In a crisp contribution, Prabhat Patnaik, Professor, Centre for Economic Studies and Planning, Jawaharlal Nehru University (JNU), New Delhi, brought out the point that the terms of trade between primary commodities (which account for the major proportion of the exports of developing countries) and manufactured products (which dominate the import basket of these countries, and are mostly imported from advanced capitalist countries) move against the former not only on account of conditions in the respective product markets, such as a high and increasing degree of monopoly of manufactured product exports by a handful of advanced country-based multinational corporations but also because of the tendency for exchange depreciation of poor country currencies in a regime of financial globalisation and liberalisation. This is because of the asymmetric behaviour of finance capital from the metropolitan countries of the North, which tends to leave the poor countries at the first sign of economic or political vulnerability but does not necessarily respond positively to incentives to invest via higher real interest rates. This argument strengthens the case for imposing controls on the capital account of the balance of payments.

Prabhat Patnaik's point about the deflationary implications of financial globalisation was elaborated in Utsa Patnaik's cogently argued paper, which brought out the devastating effects of the policies of liberalisation and globalisation on the economy as a whole and agriculture in particular. These policies are pursued in a number of Latin American, African and Asian countries under the tutelage of economists from the Bretton Woods institutions - the World Bank and the International Monetary Fund (IMF) - and, now, the World Trade Organisation (WTO).

Specifically discussing the Indian case, Utsa Patnaik, Professor, Centre for Economic Studies and Planning, JNU, highlighted the connection between the policies of financial and trade liberalisation in a regime of structural adjustment on the one hand, and the suicides by a large number of weavers and cotton farmers in States such as Andhra Pradesh and Karnataka on the other. She convincingly argued the case for doing away with the targeted public distribution programmes. Even as huge foodgrain stocks are rotting away in godowns and open yards, a fetishistic belief in the discredited principles of pre-Keynesian "sound finance" not merely paralyses the government into inaction (or worse) on rural employment and development programmes, but actually causes it to move perversely in the direction of making the foodgrains inaccessible to a large population that needs it.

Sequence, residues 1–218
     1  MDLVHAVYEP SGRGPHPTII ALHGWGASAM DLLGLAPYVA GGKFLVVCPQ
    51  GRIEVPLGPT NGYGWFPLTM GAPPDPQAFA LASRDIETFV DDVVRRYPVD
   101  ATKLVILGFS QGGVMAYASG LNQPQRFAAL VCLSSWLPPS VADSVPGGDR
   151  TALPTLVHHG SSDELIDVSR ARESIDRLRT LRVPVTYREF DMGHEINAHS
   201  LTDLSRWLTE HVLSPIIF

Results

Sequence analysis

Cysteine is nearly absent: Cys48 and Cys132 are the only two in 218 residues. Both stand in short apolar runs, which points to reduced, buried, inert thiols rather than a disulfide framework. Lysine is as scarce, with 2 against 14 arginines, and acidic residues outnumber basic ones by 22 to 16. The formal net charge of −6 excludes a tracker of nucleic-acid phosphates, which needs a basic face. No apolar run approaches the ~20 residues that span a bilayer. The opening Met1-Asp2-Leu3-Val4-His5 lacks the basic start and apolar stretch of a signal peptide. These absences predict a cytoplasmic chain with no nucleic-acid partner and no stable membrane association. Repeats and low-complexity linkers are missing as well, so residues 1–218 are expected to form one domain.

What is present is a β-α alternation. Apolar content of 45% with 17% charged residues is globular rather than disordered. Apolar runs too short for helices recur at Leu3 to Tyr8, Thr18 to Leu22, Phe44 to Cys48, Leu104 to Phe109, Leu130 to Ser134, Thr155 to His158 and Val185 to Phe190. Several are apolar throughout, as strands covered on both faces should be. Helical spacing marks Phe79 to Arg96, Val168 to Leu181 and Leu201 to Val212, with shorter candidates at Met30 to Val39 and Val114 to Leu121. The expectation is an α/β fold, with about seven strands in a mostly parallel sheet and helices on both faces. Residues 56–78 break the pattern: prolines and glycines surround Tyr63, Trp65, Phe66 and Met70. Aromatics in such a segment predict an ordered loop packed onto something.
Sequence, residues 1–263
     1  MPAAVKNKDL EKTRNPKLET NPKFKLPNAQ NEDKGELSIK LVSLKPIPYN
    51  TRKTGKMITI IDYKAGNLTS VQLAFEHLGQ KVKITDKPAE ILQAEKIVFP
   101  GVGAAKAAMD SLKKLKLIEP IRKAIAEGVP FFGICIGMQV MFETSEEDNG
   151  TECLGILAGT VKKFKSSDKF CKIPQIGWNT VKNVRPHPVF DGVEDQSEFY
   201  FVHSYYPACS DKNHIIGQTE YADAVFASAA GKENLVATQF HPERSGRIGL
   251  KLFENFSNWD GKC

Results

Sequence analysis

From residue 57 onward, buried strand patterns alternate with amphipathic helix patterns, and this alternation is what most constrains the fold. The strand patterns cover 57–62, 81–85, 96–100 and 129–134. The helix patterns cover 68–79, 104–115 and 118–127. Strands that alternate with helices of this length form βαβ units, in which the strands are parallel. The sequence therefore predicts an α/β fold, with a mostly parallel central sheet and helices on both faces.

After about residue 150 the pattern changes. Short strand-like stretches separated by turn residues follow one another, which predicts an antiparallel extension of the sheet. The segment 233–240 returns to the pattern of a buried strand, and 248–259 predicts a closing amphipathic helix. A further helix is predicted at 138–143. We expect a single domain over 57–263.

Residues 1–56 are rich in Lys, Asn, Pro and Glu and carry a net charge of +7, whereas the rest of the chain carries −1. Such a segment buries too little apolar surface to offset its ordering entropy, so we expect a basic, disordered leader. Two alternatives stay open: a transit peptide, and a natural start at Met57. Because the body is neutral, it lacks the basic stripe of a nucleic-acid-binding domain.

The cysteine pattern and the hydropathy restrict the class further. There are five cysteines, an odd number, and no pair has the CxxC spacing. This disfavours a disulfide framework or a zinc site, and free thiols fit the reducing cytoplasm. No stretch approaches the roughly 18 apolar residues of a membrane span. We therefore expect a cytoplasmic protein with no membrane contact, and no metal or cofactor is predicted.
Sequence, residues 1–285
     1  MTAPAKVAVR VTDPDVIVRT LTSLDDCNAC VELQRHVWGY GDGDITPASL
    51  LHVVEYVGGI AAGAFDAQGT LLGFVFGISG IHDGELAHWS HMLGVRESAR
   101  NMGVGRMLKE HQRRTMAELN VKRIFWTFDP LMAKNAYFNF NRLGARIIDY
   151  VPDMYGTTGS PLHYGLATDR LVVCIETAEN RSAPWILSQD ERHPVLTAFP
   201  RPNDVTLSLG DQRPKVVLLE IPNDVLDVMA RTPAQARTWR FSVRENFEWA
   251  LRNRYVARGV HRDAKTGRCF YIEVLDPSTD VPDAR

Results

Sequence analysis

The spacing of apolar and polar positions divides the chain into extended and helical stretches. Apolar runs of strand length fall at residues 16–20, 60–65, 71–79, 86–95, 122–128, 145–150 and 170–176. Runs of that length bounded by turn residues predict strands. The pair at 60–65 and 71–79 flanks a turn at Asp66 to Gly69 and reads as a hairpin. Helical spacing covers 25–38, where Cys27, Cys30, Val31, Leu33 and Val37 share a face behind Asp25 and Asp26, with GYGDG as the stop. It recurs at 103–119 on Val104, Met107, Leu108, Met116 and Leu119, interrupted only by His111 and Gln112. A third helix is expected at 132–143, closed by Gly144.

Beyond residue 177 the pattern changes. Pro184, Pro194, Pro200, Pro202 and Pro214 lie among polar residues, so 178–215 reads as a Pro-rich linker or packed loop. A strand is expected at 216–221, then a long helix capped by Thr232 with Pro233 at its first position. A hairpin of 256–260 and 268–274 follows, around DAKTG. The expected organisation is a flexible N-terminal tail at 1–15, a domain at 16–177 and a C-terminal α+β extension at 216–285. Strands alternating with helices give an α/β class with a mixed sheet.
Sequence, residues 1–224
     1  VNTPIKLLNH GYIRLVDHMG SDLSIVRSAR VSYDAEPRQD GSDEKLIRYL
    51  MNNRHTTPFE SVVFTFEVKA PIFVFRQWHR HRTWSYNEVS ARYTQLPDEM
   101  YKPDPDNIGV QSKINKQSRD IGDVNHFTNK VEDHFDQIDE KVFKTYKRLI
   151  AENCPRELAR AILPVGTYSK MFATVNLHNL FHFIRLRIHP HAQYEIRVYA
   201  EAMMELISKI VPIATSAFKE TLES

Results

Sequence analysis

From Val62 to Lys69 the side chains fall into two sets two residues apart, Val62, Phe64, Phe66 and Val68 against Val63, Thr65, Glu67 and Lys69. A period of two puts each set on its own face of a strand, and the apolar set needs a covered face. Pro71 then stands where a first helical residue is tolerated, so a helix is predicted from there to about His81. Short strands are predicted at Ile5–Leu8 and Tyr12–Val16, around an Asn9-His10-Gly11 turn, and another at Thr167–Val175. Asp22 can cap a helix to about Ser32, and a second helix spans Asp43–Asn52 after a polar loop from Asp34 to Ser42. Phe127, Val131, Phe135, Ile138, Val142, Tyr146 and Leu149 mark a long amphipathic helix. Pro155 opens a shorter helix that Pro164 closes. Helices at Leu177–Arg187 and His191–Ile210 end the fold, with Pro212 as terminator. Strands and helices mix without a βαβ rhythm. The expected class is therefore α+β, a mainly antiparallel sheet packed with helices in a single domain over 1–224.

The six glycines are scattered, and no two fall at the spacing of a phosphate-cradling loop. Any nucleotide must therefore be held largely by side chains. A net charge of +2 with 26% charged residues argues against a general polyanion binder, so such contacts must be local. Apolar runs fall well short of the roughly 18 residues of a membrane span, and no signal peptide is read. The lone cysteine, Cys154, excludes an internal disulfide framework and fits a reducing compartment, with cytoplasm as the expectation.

IN her paper on Mexico's agriculture in a global context, Kirsten Appendini from El Colegio de Mexico, Mexico City, argued that the major institutional reforms aimed at changing Mexico's agrarian structure "were implicitly aimed at dismantling the peasant sector by ending agrarian reform and withdrawing support to ejido agriculture (which) to an important extent (was) based on maize cultivation".

In a careful historical account of agrarian reform and change in Chile, Cristobal Kay, Associate Professor of Rural Development, Institute of Social Studies, the Netherlands, discussed the attempts to provide a "human face" to neoliberal reforms in Chile after the restoration of democracy. He finds that Chile's significant economic growth in recent decades has been primarily through the rapid exhaustion of its natural resources, especially minerals, and not through sustainable technological advance. This has serious negative environmental implications. The kind of rural development that has taken place has also privileged large capitalist farmers, while marginalising small farmers, wage labourers and women. While Kay is evidently in favour of a pro-poor policy that is supportive of small and middle peasant farmers, wage labourers and women, it is far from clear whether the class composition of the Chilean regime will permit it to move in such a direction.